Samuel David | CAN President 2012-2014

Samuel David

Samuel David

Although Dr. Samuel David is best known as a pioneer in regeneration, he is best described as a Renaissance Man. From the moment he stepped foot in Canada in 1969, he has aimed to redefine the concept of neurological injury and give us hope we can one day repair it.

Dr. David currently sits as a Professor in Neurology & Neurosurgery as well as the Department of Anatomy & Cell Biology at McGill University. He has published over 120 publications in peer-reviewed journals, reviews, and chapters in books.

Dr. David’s work focuses on three areas ranging from spinal cord and peripheral nerve injury to Multiple Sclerosis and neurodegenerative diseases. In all three cases, he has gained significant insight into how these conditions arise. More importantly, he has identified possible ways to treat some of these troubles. His work has been honoured as he has received the coveted Barbara Turnbull Award for Spinal Cord Research.

Dr. David is continuing his pioneering ways by merging the branches of neuroscience and immunology in nerve injury. His most recent achievements reveal the importance of both systems in nerve damage and highlight a role for iron in worsening these conditions.

Before pursuing a PhD at the University of Manitoba, Dr. David worked in physiotherapy first in India and then in Ontario. Upon completion of his doctorate, Dr. David did postdoctoral training at McGill University, and University College London (UK). He returned to McGill where he continued his research.

Key publications:

  1. David, S. and Aguayo, A.J. (1981). Elongation of central nervous system axons into peripheral nervous system “bridges” in the adult rat.  Science 214: 931‑933.
  2. David, S., Bouchard, C., Tasatas, O. and Giftochristos, N. (1990). Macrophages can modify the non-permissive nature of the adult mammalian central nervous system. Neuron 5:463-469.
  3. McKerracher, L., David, S., Jackson, D.L., Kottis, V., Dunn, R.J. and Braun, P.E. (1994) Identification of myelin-associated glycoprotein as a major myelin-derived inhibitor of neurite growth. Neuron 13:805-811.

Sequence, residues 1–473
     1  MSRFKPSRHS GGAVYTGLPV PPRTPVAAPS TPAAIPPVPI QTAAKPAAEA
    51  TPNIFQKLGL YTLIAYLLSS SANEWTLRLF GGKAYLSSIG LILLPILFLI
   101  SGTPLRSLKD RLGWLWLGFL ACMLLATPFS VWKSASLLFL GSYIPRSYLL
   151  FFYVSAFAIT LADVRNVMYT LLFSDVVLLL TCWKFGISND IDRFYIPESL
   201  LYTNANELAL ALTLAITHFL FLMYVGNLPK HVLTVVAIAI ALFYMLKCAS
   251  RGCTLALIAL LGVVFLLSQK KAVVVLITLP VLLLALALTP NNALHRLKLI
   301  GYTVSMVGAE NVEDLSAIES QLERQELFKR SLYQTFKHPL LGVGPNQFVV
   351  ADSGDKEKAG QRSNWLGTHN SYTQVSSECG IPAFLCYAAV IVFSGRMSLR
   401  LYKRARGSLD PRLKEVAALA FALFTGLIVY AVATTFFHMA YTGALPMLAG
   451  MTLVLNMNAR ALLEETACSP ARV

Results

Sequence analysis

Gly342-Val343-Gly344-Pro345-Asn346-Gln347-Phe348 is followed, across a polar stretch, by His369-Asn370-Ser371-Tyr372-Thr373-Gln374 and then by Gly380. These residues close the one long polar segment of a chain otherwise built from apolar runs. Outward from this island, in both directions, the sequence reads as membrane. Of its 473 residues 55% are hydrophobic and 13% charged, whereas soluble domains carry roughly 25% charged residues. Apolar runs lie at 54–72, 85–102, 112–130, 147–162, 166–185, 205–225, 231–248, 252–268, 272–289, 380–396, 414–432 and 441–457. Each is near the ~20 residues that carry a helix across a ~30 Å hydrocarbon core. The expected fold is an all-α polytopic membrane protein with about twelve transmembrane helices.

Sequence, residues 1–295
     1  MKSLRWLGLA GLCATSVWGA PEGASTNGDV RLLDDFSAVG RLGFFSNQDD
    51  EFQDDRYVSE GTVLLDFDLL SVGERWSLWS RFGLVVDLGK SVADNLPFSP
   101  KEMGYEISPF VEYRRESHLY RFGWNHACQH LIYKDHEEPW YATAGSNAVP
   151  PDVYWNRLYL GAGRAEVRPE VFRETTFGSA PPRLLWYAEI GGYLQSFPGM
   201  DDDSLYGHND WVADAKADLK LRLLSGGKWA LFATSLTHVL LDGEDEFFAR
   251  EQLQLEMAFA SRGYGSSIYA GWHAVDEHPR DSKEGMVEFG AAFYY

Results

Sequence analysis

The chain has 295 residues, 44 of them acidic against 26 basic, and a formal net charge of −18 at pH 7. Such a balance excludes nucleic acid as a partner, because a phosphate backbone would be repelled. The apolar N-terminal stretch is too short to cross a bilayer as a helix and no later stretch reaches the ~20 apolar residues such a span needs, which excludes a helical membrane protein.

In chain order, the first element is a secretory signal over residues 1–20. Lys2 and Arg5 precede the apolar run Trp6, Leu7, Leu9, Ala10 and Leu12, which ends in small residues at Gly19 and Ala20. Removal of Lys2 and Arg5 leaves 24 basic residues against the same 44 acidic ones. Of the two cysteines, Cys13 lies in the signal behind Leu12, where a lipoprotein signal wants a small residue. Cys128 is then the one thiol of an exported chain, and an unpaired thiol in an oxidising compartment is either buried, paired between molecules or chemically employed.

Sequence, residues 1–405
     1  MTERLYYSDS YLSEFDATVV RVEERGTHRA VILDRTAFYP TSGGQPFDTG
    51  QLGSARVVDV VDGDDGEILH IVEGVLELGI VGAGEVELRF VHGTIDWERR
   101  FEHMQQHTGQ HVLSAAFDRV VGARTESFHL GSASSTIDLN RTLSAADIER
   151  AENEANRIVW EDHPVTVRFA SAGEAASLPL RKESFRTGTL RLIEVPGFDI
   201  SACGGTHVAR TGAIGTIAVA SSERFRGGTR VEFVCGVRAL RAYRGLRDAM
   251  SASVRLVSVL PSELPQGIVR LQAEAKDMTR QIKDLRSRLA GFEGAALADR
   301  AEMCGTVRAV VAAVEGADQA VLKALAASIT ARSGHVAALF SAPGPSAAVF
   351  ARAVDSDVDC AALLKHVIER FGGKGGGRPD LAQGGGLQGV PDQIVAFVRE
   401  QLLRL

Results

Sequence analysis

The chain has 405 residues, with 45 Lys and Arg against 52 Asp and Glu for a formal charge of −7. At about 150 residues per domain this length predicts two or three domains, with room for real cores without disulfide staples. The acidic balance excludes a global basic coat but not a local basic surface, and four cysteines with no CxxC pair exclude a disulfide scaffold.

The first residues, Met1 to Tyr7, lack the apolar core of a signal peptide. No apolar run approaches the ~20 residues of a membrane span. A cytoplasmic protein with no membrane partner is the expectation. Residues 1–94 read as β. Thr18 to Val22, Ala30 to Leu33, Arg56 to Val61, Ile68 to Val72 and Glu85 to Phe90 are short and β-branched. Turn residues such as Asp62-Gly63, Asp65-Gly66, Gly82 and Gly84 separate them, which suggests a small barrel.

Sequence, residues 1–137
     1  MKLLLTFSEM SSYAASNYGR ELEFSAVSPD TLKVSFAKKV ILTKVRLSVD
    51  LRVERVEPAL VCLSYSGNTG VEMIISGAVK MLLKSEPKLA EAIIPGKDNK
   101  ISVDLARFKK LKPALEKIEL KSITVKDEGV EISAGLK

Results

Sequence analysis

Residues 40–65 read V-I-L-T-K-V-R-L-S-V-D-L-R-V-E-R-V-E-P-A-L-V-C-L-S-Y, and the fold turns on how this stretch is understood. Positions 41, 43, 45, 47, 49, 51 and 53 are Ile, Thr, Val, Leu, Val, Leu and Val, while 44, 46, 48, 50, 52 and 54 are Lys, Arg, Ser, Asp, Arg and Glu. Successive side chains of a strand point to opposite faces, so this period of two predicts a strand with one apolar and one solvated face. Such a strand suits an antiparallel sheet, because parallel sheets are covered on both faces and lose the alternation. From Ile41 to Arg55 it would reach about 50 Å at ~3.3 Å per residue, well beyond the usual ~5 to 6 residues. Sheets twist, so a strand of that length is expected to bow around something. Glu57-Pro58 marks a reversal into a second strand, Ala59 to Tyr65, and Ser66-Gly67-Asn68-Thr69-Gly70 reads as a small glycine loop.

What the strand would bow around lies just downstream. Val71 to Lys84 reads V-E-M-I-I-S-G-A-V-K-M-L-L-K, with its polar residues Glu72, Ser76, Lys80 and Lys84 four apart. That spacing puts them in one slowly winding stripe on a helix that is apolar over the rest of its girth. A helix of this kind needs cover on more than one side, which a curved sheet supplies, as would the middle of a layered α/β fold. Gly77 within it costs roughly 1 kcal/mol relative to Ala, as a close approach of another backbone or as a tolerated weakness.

4. Huang, D.W., McKerracher, L., Braun, P.E. and David, S. (1999) A therapeutic vaccine approach to stimulate axon regeneration in the adult mammalian spinal cord. Neuron 24: 639-647
  5. Patel, B.N., Dunn, R.J. and David, S. (2000). Alternative RNA splicing generates a glycosylphosphatidyinositol-anchored form of ceruloplasmin in mammalian brain. J. Biological Chemistry 275: 4305-4312.
  6. Kalyvas, A. and David, S. (2004) Cytosolic phospholipase A2 plays a key role in the pathogenesis of MS-like disease. Neuron 41: 323-335.
  7. Fry, E., Ho, C. and David, S. (2007). A novel role for Nogo receptor in macrophage clearance from injured peripheral nerve. Neuron 53: 649-662.
  8. López-Vales, R., Navarro, X., Shimizu, T., Baskakis, C., Kokotos, G., Constantinou-Kokotos, V., Stephens, D., Dennis, E.D., and David, S. (2008) Cytosolic phospholipase A2 group IVA plays an important role in Wallerian degeneration and axon regeneration in peripheral nerve Brain 131:2620-31
  9. Jeong, S.Y, Rathore, K.I., Schulz, K., Ponka, P., Arosio, P., David, S. (2009) Dysregulation of iron homeostasis in the CNS contributes to disease progression in a mouse model of amyotrophic lateral sclerosis. J Neurosci. 29:610-9.
  10. Ghasemlou, N., Lopez-Vales, R., Lachance, C., Thuraisingam, T., Gaestel, M., Radzioch, D. and David, S. (2010) MAPK-Activated Protein Kinase 2 Contributes to Secondary Damage After Spinal Cord Injury. Journal of Neuroscience 30:13750-9.
  11. Schulz, K., Vulpe, CD, Harris, LZ and David, S. (2011) Iron efflux from oligodendrocytes is differentially regulated in grey and white matter. Journal of Neuroscience 31:13301-11.
  12. KronerA,Greenhalgh AD, Zarruk JG, Passos Dos Santos R, Gaestel M, David S (2014). TNF and increased intracellular iron alter macrophage polarization to a detrimental M1 phenotype in the injured spinal cord. Neuron 83:1098-116.